Governor’s secretary imposed martial law on three saloons
Don't be fooled: Fern Hobbs was a secretary in the “Secretary of Defense” sense of the word. A practicing attorney, she was the highest-paid woman in public service. Copperfield's city fathers thought they could charm her ... they were wrong.
By Finn J.D. John — August 6, 2017
EDITOR'S NOTE: This column is a rewriting and thorough re-researching of a much shorter column first published in November 2009, which you’ll find here.
All Oregonians owe former Gov. Oswald West a debt of gratitude for saving Oregon’s beaches from being locked away in private ownership.
But the progressive “father-knows-best” impulses that inspired West to take that action didn’t always lead in such positive directions. There were other events during West’s governorship when he came out looking positively fascistic — perfectly willing to disregard the rule of law when it conflicted with his own opinion of what was morally right.
And that is how progressive hero Os West came to be the only governor in state history (so far as I have been able to learn) to actually issue an Andrew Jackson-style command to the Oregon National Guard ignore a legally issued court order.
Here’s how this happened:
In the first few years of the 20th century, the Baker County town of Copperfield was platted, near Baker City. It was originally a small copper-mining town; but by 1907 or so, Copperfield was more or less a construction camp: a pair of very long tunnels were under construction nearby, one by the predecessor of the Idaho Power Company and the other by a local railroad.
The town quickly developed a reputation for lawlessness. At its peak, it boasted 11 saloons, 11 brothels, two hotels, three stores, and a four-cell jailhouse/drunk tank with a dance hall on the second floor.
But then, starting early in 1910, the construction workers started leaving. The railroad tunnel was finished; the power plant soon was too. By late 1913 the town had dwindled from 1,000 or so residents to just 100 or so. But this left the town’s saloons and bordellos all gasping for business.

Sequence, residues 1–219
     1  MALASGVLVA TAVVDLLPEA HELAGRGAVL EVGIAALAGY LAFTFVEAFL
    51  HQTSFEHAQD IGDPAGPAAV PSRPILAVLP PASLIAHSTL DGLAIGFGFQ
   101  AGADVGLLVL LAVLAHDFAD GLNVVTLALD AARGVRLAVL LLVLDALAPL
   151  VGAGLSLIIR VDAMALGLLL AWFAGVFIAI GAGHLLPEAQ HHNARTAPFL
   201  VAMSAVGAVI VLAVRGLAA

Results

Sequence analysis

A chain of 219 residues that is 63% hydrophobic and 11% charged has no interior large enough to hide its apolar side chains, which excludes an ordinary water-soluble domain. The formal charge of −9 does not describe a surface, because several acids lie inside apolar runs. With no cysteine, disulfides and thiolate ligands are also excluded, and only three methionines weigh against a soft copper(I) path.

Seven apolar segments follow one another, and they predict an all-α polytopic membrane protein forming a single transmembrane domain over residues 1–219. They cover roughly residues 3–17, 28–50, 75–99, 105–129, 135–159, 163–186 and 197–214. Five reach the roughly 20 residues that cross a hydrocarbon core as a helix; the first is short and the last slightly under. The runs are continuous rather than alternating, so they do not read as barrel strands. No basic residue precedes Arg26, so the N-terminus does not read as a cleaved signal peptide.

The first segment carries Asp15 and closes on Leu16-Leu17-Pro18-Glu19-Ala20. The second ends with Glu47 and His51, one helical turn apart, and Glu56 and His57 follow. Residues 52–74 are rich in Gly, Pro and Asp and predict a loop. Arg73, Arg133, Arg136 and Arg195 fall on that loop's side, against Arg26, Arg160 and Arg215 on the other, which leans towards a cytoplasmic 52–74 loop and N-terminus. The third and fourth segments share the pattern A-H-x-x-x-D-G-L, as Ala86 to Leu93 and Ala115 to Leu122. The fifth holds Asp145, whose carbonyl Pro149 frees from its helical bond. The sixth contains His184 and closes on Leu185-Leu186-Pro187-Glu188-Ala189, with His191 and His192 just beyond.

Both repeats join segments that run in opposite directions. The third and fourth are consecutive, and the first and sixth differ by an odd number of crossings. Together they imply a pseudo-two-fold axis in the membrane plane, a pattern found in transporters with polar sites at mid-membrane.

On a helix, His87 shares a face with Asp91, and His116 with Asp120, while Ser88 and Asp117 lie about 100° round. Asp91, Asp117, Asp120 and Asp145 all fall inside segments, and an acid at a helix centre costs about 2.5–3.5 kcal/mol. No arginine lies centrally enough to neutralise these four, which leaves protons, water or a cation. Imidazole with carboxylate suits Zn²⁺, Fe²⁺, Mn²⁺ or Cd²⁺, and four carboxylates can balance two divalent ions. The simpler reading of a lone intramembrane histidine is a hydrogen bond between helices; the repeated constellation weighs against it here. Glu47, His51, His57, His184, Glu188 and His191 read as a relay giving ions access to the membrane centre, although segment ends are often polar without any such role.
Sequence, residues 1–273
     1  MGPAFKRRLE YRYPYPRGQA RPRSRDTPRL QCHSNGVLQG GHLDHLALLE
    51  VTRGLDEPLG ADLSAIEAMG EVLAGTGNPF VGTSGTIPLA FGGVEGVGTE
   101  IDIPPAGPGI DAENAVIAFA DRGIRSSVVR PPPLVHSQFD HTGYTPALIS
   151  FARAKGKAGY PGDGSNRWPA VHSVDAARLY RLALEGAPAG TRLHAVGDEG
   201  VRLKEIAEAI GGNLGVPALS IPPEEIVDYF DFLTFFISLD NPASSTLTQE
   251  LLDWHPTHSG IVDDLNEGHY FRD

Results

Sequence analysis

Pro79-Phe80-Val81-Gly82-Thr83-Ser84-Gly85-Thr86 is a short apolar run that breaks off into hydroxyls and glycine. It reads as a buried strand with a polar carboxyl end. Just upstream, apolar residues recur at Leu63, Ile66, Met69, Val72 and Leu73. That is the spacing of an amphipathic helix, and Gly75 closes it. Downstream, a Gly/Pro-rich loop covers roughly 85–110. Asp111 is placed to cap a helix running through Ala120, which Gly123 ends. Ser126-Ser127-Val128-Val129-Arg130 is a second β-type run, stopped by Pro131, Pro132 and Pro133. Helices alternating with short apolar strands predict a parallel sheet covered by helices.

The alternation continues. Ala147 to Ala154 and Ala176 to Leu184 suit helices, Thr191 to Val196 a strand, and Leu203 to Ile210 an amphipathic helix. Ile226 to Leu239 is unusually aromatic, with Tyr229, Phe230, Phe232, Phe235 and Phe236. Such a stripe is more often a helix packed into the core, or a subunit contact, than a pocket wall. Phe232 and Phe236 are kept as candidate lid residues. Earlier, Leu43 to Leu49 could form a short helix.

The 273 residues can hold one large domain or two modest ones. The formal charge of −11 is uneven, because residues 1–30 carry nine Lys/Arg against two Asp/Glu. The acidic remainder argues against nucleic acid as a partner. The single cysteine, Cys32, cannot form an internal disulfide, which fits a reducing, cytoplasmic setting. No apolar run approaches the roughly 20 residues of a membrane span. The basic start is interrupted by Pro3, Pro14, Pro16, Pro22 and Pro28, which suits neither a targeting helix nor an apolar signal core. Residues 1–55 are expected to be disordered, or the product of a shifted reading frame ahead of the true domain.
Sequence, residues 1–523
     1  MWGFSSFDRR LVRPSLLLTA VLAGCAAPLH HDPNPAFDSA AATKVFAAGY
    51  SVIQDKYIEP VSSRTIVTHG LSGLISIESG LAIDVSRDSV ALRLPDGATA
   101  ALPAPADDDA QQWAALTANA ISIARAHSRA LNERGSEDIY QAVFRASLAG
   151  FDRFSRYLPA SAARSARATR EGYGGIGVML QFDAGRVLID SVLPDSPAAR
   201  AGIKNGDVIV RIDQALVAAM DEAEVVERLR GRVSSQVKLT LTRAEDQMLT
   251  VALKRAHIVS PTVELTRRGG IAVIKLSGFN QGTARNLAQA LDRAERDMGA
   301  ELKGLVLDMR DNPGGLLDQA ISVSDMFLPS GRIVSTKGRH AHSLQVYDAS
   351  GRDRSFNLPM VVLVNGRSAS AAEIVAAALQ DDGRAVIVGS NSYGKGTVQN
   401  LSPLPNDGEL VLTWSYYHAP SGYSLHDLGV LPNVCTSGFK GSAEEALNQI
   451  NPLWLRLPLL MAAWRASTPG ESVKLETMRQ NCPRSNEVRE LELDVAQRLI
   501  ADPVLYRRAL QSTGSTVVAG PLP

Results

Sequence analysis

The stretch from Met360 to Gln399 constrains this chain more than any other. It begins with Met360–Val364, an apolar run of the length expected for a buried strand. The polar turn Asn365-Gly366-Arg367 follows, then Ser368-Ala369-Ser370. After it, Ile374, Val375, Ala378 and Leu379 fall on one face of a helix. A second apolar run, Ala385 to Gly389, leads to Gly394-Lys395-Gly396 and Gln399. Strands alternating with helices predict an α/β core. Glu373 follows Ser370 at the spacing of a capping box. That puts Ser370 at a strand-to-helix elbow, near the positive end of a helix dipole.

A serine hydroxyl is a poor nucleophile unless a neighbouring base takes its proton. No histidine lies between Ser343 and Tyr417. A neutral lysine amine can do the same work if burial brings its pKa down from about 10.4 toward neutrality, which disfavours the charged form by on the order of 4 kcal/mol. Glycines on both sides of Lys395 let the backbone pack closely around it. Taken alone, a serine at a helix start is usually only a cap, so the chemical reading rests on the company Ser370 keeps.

The majority of them quietly closed their doors. But the owners of the others — three saloons, and possibly some of the brothels as well — quickly realized that they could turn Copperfield’s reputation to their advantage, drawing visitors from nearby Baker City for a good time, the way Las Vegas does with Los Angeles. And this is where things started to go badly for them.
It turned out that, out of the 100-odd residents of the town, at least half did not approve of the saloon and bordello owners’ new “sin tourism” business model. Their complaints to Baker County Sheriff Ed Rand having gone unheeded, they sent a petition to Governor West with fifty signatures on it. They complained that the saloons were selling booze on Sundays and hosting illegal gambling. (They didn’t mention the prostitution in the petition.)
West, a committed Prohibitionist who was at that very moment working to get booze outlawed in Oregon, was very sympathetic. He promptly issued an order to Rand to close the saloons by Dec. 26.
Rand, as an elected official, did not answer to the governor, so the order had no legal weight; but he tried to be diplomatic about it. What law should he invoke, he asked the governor? None of the residents were willing to be witnesses against the saloons in court, so he couldn’t get a court order to close anyone. Without a court order, he couldn’t legally close any business.
“That,” writes historian Gary Diehlman dryly, “was not the answer that West wanted to hear.”
So West announced his intention to send his secretary, Fern Hobbs, to impose martial law on the town.
Now, Fern Hobbs was 30 years old in 1913, but she looked about 22. She was a slender, petite woman, bespectacled, 5 feet 3 inches tall, with a classically beautiful, girlish face. She would have looked rather like a cute young schoolteacher or librarian — if it weren’t for those steady, steely eyes. The fact was, she was no ordinary secretary. As most historians have, over the years, neglected to mention, she was a licensed and practicing attorney (Willamette University, Class of ’13). She was also, incidentally, the highest-paid woman in public service in the United States.